With the capital markets regulator now taking a closer look at the disclosures made by startups, several of these new age tech companies (NATC) could see their initial public offerings (IPOs) delayed.
The Securities and Exchange Board of India (Sebi) is believed to have called for more details on the key performance indicators (KPI) being put out by startups in their draft red herring prospectuses (DRHP). Among the companies that could see their public issue plans delayed are PharmEasy, OYO Hotels and Snapdeal.
In February, Sebi had floated a consultation paper, proposing more disclosures and transparency from NATCS with regards to their operating metrics. The regulator wants companies to justify the valuations they are asking for by providing details of KPIs as also other metrics. It also wants some of the data to be authenticated by a third party. As a consequence, valuations of future IPOs of NATCs could be significantly lower.
Sebi’s concerns stemmed from the steep corrections in the stock prices of startups after listing which have lost anywhere between 30% and 60% of their offer prices. Many of them listed at a discount to the offer price and had lost value even before the tech meltdown in global markets.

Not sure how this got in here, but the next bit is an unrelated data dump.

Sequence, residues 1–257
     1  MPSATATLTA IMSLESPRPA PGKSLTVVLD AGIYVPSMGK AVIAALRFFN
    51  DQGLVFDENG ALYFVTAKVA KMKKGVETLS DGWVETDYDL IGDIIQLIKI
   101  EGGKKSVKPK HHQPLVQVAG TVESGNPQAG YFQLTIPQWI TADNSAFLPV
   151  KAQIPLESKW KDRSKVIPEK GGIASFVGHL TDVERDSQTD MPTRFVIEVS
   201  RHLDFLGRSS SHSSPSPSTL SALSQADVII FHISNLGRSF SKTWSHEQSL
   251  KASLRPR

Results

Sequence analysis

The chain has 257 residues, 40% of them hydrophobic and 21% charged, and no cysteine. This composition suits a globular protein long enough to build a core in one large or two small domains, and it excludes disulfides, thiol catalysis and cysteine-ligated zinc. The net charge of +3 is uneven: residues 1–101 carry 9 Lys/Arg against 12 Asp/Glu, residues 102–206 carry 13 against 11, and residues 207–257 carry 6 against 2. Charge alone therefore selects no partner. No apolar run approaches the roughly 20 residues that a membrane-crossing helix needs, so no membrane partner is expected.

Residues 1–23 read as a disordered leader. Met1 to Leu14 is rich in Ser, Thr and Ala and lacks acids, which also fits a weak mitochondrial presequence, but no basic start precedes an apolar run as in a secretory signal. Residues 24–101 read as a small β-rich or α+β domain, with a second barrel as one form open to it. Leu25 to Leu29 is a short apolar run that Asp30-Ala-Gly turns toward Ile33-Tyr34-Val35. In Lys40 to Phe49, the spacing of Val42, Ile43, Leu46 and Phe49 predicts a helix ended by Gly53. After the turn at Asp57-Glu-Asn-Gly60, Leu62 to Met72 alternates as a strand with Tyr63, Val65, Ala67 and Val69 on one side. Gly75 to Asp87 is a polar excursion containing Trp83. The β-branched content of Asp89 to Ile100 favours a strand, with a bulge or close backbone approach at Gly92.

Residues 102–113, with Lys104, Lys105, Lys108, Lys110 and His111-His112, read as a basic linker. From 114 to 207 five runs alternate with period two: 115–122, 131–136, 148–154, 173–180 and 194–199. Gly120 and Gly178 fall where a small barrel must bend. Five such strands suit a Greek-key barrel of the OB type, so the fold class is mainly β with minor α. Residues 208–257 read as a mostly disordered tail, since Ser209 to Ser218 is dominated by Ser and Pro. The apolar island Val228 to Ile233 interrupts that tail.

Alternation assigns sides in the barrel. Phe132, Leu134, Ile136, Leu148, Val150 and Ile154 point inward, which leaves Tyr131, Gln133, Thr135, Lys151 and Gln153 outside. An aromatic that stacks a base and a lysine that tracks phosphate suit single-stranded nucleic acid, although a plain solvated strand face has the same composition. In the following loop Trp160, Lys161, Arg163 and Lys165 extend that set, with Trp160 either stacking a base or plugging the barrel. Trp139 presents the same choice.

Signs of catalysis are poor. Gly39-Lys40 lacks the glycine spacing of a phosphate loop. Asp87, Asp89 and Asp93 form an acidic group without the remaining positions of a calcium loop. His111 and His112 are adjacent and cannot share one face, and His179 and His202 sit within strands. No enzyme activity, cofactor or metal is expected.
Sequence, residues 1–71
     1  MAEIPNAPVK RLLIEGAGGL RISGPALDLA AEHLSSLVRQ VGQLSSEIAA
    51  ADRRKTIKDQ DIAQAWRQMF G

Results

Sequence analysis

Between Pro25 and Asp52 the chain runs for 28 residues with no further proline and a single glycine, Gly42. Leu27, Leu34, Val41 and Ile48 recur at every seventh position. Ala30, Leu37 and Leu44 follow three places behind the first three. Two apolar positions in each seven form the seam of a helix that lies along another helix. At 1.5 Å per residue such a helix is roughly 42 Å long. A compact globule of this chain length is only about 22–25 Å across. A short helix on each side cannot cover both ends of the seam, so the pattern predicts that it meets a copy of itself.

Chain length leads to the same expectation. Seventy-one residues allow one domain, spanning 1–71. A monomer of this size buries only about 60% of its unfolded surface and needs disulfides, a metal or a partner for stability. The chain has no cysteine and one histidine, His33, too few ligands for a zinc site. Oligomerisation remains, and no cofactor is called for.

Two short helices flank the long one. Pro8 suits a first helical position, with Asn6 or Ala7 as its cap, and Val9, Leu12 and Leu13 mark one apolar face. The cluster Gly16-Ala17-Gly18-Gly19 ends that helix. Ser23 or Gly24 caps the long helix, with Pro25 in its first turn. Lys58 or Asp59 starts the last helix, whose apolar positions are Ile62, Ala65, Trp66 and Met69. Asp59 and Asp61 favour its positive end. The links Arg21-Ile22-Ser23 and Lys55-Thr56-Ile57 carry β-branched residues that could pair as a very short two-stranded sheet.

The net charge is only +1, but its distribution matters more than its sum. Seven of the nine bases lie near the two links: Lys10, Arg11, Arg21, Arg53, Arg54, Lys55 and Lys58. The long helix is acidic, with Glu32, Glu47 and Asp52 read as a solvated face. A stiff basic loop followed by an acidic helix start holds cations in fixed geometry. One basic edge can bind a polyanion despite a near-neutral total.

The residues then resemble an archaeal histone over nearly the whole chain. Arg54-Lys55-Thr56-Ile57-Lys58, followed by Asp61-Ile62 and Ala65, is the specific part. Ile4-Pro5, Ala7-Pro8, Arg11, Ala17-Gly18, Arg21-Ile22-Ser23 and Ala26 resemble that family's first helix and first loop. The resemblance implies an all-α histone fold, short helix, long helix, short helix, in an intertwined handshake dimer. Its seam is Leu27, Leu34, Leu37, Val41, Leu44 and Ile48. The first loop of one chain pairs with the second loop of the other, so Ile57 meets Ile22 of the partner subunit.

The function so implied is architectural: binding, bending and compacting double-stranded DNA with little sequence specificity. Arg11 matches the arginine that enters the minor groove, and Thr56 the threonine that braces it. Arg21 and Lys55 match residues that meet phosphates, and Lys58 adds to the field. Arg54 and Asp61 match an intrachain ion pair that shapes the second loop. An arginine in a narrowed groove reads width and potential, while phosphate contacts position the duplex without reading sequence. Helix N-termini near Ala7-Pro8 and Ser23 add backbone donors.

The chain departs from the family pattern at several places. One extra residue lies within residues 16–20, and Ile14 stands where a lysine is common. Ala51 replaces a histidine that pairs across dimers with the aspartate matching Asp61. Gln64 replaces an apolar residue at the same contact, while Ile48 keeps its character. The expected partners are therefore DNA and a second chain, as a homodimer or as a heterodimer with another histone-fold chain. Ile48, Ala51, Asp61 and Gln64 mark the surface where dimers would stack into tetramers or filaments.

Anup Jain, managing partner, Orios Venture Partners, said that late-stage companies are going to see a delay in their IPOs. “With the bullishness cooling off, profitability is now a lot more important. In private markets, the focus is on growth and less so on profits but when you progress to public markets, you have to become profitable. This principle seems to have been cast aside in the hype,” Jain said.
In Q4FY22, One97 Communications, the parent of Paytm reported an Ebitda loss of `729 crore while Zomato posted a loss of `449.7 crore, according to analysts at ICICI Securities and Jefferies, respectively.
Ankur Bansal, co-founder of BlackSoil, said unless companies are profitable, their IPOs may not be successful. “Founders are now raising money through debt to meet their operating expenses. They now do not want to raise money through equity because they feel the markets are jittery. They want to keep cash in the bank so the next round of fundraising can happen at a more opportune time rather than immediately.
According to the latest Tracxn data, between April 1 and May 25, funding received by startups stood at $4.15 billion compared with $10.11 billion during the January-March quarter.